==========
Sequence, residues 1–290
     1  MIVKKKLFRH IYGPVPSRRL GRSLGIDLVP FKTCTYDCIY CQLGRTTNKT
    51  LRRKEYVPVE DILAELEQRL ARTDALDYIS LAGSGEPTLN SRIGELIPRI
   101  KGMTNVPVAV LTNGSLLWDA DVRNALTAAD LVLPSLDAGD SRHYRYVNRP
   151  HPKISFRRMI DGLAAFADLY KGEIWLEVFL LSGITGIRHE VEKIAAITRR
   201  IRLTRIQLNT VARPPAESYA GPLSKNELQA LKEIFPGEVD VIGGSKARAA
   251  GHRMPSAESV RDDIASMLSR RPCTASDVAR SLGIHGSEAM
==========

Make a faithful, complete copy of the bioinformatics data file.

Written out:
Sequence, residues 1–290
     1  MIVKKKLFRH IYGPVPSRRL GRSLGIDLVP FKTCTYDCIY CQLGRTTNKT
    51  LRRKEYVPVE DILAELEQRL ARTDALDYIS LAGSGEPTLN SRIGELIPRI
   101  KGMTNVPVAV LTNGSLLWDA DVRNALTAAD LVLPSLDAGD SRHYRYVNRP
   151  HPKISFRRMI DGLAAFADLY KGEIWLEVFL LSGITGIRHE VEKIAAITRR
   201  IRLTRIQLNT VARPPAESYA GPLSKNELQA LKEIFPGEVD VIGGSKARAA
   251  GHRMPSAESV RDDIASMLSR RPCTASDVAR SLGIHGSEAM